In this small, remote Russian village, the locals use their gardens and community plots to grow their own vegetables. Tours may include a visit to a private house for an introduction to local traditions, or to the Kirillo-Belozersky Monastery, founded in the 14th century beside the Sheksna River, where there is a cathedral and numerous small wooden chapels.
The port of Kherson is situated beside the Black Sea and the Dnieper River, surrounded by nature reserves and vineyards. The town's fortress contains the cathedral of St Catherine where Prince Potemkin is buried. Excursions by boat through the Dnieper Delta to Fisherman's Island may be available, with views of the region's rich flora and fauna on the way.
Kiev is the capital of Ukraine and one of Europe's oldest cities. Its two chief sights are the lovely St Sophia Cathedral and the Monastery of the Caves, an intricate complex of churches founded by monks from Mount Athos in Greece. Stroll lively Independence Square and Andrew's Descent, a cobblestone street lined with restaurants and vendors.
Russia’s capital is a bustling metropolis with numerous famous landmarks. These include Red Square, the Bolshoi Theatre, St Basil’s Cathedral, Tverskaya Street, the Kremlin and Armoury Museum, the famous GUM department store and Lenin’s Tomb.
Sevastopol port began as an 18th-century military fortress and is now a busy commercial port as well as the base for Russia's Black Sea Fleet. The interesting tunnels of the former Soviet Underground Submarine Base are open to visitors, and other attractions include St Vladimir Cathedral, the remains of the Greek city of Chersonese and the excellent Panorama Museum in the valley of Balaklava, which depicts the defence of Sevastopol during the Charge of the Light Brigade.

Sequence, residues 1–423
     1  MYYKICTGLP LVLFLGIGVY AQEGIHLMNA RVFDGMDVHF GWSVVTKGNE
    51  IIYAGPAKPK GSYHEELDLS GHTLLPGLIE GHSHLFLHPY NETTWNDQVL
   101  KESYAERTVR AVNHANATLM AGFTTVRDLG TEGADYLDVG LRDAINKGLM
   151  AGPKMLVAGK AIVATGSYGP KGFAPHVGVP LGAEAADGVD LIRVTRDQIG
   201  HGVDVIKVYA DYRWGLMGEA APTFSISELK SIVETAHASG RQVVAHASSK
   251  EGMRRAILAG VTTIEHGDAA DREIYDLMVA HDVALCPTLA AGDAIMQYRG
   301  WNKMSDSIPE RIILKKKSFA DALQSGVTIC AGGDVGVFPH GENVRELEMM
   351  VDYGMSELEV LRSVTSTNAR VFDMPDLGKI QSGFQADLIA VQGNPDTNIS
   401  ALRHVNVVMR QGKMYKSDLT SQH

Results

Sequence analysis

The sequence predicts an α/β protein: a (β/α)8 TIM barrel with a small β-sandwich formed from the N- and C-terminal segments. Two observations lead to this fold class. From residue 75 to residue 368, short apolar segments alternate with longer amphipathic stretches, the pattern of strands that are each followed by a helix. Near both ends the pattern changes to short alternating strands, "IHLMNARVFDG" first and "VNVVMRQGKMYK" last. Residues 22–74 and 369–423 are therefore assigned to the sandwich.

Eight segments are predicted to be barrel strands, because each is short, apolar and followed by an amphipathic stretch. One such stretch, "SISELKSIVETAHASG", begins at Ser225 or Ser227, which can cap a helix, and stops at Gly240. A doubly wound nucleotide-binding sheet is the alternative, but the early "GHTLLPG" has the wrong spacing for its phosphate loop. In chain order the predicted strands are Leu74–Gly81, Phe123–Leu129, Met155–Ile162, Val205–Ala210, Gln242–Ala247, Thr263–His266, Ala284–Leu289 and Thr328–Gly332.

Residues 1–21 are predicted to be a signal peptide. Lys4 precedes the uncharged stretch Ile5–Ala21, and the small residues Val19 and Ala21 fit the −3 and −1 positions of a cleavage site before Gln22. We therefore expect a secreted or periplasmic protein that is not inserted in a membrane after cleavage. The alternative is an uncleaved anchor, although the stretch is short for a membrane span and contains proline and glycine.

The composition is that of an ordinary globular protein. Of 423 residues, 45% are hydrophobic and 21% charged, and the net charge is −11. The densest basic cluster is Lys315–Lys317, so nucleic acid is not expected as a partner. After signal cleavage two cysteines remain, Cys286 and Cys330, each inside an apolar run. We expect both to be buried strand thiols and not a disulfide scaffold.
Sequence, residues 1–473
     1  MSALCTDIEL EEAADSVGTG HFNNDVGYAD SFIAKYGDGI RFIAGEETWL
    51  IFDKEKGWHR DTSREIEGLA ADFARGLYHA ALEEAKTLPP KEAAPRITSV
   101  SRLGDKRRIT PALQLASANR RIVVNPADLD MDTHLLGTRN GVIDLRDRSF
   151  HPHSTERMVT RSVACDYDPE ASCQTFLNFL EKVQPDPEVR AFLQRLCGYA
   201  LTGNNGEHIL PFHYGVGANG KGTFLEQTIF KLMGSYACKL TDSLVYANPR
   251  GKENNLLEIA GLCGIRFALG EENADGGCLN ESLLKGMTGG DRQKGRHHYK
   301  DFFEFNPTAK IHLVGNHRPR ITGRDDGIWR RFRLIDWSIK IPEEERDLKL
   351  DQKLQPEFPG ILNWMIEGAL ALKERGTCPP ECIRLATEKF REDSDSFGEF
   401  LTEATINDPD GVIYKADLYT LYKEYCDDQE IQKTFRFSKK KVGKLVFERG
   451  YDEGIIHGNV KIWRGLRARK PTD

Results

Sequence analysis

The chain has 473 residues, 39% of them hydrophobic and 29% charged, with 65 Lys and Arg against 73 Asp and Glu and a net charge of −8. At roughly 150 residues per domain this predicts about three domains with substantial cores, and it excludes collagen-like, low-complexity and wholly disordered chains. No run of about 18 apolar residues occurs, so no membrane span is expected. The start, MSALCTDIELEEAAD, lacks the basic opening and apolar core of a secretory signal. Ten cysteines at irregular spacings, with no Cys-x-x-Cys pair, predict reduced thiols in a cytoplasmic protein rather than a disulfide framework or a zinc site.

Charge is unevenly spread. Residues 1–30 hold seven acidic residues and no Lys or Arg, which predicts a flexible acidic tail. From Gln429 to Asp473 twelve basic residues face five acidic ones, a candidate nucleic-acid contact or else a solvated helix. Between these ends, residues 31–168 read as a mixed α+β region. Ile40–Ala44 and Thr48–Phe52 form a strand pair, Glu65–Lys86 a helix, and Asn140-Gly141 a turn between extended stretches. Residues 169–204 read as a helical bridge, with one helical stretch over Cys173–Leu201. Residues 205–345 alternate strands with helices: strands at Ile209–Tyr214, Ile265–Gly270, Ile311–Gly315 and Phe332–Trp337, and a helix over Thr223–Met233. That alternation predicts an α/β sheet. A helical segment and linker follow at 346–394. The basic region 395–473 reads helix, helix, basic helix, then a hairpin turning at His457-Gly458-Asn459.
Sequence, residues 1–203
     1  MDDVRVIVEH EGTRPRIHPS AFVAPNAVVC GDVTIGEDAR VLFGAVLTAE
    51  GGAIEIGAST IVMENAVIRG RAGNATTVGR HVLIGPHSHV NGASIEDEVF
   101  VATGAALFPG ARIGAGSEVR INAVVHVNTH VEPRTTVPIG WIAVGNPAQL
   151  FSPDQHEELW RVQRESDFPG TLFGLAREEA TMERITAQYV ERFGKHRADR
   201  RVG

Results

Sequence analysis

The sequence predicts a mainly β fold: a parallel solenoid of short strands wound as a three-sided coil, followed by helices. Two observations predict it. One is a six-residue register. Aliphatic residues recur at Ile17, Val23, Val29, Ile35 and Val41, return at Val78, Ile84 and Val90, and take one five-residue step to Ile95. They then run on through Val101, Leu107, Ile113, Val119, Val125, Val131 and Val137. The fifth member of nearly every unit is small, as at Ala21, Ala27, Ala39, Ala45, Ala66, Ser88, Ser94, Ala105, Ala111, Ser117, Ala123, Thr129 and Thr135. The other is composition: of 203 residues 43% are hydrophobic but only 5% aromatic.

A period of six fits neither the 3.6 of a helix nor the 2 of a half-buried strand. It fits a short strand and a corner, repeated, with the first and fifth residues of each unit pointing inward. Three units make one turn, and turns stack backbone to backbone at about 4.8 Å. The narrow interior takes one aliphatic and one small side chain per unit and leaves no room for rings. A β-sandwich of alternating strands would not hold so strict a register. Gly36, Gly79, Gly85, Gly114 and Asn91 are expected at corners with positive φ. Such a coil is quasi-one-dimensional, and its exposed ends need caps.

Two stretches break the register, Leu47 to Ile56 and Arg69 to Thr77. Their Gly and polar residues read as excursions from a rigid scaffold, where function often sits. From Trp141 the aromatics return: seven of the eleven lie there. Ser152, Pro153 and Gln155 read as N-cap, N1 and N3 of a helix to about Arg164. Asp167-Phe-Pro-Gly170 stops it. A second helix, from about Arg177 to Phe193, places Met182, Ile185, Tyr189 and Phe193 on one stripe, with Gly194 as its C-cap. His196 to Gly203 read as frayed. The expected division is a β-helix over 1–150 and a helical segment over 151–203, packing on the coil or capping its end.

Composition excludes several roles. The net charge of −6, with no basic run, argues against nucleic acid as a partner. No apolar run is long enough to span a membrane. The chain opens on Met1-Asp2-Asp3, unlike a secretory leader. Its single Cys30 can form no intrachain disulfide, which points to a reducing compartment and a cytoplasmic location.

The imperial city of St Petersburg is full of treasures. Important works by Italian Renaissance artists, Rembrandt, Matisse and Picasso are on display in the vast Hermitage Museum, which is housed in the extravagant Winter Palace. Peterhof Palace was inspired by Versailles, and perhaps outshines it. See the lavish fountains, culminating in the splendour of the Grand Cascade. Perhaps visit the suburb of Pushkin and the onion-domed Catherine's Palace at Tsarskoe Selo, or Mariinksy Theatre, formerly the Kirov Ballet.
Although Uglich is one of Russia's Golden Ring cities, it is a town well away from the tourist trail. Its key sights are the Church of St Dimitri, built where Ivan the Terrible's son Dmitry was found dead, and Uglich's kremlin which contains Spaso-Preobrazhenski Cathedral. There is also a Vodka Musuem where tastings are included in the entry fee.
Yalta has a lovely sea promenade, the Lenin Embankment, which leads to Alexandra Nevsky Cathedral, ornately decorated with golden domes. The town is forever associated with the 1945 Yalta Conference which was held at Livadia Palace, formerly the summer retreat of Russia's last Tsar. Tours may include the palace and Nikita Botanical Garden, which has over 50,000 plant species.
Yaroslavl is one of Russia's historic Golden Ring cities, and one of the most beautiful. From the historical centre, Svobody Street leads to the ancient walls of Spassky monastery, and close to the Volga River is the Church of Elia the Prophet which is famous for its wonderful frescoes. Yaroslavl is also the site of Russia's oldest theatre, the Volkov, built in 1750.
Zaporozhye was a Cossack stronghold for several hundred years, and opposite Zaporozhye on Khortitsa Island is an interesting Cossack museum.